MongoDB 3.0 marks a major new release for MongoDB and is chock-full of new features. Of those, two really stand out and require a bit of attention from Java developers:
- The new WiredTiger storage engine, and
- The new challenge-response mechanism SCRAM-SHA-1 for authenticating users with passwords that replaces the old MONGODB-CR method used prior to MongoDB 3.0
So, as a Java developer, what do you need to do to make your application compatible with MongoDB 3.0?
1. Upgrade to MongoDB Java driver 2.13
It is essential that you upgrade your MongoDB driver to the latest version 2.13. It turns out that with the new storage engine WiredTiger (and other future storage engines) queries for which collections exist in a database need to use the new listCollections command. The old way via system.namespaces will only work for the default MMaP storage engine. Hence, if you use an older version of the Java driver and you call your
you won’t actually see any collections in case you’re using WiredTiger.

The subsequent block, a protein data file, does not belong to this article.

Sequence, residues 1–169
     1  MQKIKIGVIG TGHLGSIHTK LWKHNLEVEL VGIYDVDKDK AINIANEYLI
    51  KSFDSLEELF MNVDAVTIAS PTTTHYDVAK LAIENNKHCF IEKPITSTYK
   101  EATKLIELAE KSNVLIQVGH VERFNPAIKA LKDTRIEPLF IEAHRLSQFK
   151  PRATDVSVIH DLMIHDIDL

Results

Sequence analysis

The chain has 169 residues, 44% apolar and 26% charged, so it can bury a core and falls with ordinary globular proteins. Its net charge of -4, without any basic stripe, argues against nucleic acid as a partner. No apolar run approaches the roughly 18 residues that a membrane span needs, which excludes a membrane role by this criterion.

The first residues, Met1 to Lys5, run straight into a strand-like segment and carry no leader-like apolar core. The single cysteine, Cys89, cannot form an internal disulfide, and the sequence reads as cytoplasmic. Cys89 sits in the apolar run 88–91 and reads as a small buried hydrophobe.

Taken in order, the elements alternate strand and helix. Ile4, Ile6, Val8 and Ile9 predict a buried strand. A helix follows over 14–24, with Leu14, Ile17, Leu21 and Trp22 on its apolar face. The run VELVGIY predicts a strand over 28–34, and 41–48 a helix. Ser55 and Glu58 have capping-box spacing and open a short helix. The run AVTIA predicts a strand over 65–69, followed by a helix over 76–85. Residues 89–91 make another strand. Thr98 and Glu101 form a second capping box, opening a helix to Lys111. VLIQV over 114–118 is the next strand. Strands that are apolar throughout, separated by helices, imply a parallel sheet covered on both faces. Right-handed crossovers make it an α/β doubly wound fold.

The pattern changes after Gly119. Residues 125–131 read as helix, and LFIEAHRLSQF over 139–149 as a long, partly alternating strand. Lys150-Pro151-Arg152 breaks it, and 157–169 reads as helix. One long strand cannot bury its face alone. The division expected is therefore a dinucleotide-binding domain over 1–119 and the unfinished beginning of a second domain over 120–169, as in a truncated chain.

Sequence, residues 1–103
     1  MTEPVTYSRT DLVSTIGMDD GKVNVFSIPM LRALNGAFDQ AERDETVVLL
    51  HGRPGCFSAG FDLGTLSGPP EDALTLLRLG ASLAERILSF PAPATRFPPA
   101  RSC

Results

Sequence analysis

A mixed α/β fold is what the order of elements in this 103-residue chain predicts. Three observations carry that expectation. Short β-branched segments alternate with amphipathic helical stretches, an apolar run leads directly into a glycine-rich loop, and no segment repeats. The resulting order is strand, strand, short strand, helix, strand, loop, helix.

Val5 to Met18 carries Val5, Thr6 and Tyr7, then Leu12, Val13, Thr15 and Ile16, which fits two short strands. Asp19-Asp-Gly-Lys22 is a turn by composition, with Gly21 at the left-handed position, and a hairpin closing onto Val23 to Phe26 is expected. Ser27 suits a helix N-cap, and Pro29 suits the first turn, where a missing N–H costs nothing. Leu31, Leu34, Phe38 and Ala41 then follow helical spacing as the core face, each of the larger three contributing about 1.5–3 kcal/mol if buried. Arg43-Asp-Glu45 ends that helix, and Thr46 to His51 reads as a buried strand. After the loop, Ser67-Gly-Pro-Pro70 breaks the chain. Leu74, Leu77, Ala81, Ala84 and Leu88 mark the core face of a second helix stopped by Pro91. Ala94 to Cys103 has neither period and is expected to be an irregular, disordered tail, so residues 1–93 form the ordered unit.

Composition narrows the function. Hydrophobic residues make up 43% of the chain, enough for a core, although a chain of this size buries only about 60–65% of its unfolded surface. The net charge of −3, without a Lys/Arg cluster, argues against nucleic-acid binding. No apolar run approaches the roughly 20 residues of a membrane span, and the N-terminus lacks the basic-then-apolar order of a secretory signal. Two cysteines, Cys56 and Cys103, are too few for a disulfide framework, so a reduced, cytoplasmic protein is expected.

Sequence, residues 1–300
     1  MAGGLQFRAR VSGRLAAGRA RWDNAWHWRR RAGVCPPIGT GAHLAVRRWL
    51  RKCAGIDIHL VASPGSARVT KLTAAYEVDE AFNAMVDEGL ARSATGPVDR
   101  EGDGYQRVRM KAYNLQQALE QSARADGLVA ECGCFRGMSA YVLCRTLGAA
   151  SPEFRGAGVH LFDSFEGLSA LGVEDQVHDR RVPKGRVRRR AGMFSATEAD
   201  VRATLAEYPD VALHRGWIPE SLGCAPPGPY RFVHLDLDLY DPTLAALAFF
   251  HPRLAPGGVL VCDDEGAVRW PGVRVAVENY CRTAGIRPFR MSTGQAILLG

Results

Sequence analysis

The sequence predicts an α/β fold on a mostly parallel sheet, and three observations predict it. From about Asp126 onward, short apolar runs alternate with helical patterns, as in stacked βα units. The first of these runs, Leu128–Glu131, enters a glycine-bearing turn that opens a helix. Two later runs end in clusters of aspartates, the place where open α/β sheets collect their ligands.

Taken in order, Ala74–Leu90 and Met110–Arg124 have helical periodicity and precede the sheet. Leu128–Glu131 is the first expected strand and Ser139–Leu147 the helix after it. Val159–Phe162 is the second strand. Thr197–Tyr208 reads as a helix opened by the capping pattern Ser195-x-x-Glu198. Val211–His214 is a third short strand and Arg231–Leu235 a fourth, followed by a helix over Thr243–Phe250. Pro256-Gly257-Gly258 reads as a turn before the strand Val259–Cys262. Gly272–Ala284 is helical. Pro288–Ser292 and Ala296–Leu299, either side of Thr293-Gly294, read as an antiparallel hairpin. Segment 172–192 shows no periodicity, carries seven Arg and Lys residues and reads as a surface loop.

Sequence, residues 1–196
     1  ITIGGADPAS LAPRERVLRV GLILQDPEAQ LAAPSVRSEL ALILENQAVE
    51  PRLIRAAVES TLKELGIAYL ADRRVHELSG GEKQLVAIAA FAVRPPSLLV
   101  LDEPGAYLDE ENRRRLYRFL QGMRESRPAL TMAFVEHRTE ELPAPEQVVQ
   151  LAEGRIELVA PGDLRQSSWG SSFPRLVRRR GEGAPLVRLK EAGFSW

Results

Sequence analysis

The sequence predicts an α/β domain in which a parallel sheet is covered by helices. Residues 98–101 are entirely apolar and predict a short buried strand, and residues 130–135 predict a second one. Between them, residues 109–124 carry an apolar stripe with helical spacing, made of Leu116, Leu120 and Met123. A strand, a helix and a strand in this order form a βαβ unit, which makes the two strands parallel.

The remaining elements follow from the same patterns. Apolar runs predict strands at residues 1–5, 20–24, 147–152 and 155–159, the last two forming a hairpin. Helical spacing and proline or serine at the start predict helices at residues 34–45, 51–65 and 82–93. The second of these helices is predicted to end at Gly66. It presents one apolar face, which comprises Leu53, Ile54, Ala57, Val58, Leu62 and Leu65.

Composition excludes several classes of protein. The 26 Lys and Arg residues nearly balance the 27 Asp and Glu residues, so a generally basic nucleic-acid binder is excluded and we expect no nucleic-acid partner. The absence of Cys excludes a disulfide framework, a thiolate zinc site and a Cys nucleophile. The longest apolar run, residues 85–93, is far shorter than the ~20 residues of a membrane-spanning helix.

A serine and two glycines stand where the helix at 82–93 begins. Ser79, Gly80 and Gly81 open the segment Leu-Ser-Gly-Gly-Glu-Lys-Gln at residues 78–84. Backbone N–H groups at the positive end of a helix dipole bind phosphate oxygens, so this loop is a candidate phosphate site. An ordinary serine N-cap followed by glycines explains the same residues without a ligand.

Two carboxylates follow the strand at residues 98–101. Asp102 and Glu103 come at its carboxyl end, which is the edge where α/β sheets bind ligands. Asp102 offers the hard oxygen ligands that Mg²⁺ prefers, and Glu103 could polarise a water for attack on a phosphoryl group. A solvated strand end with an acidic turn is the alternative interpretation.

The new 2.13 driver actually contains two code paths – one that calls listCollections for MongoDB 3.0+ instances, and one that goes via system.namespaces for older versions of MongoDB. So updating your driver is really all you need to do to support WiredTiger databases.
MongoCredential#createMongoCRCredential calls with
If your application makes use of MongoDB’s user authentication (which it really should), you need to change the way you create your credentials. As the old MONGODB-CR challenge-response mechanism has been replaced with SCRAM-SHA-1, you need to replace all your calls to MongoCredential#createMongoCRCredential with calls to MongoCredential#createCredential. So, what used to be something like this
MongoCredential cred = MongoCredential.createMongoCRCredential(userName, db, pwd);
now needs to be
MongoCredential cred = MongoCredential.createCredential(userName, db, pwd);
That’s it! Your Java app should be ready to play ball with MongoDB 3.0 :-)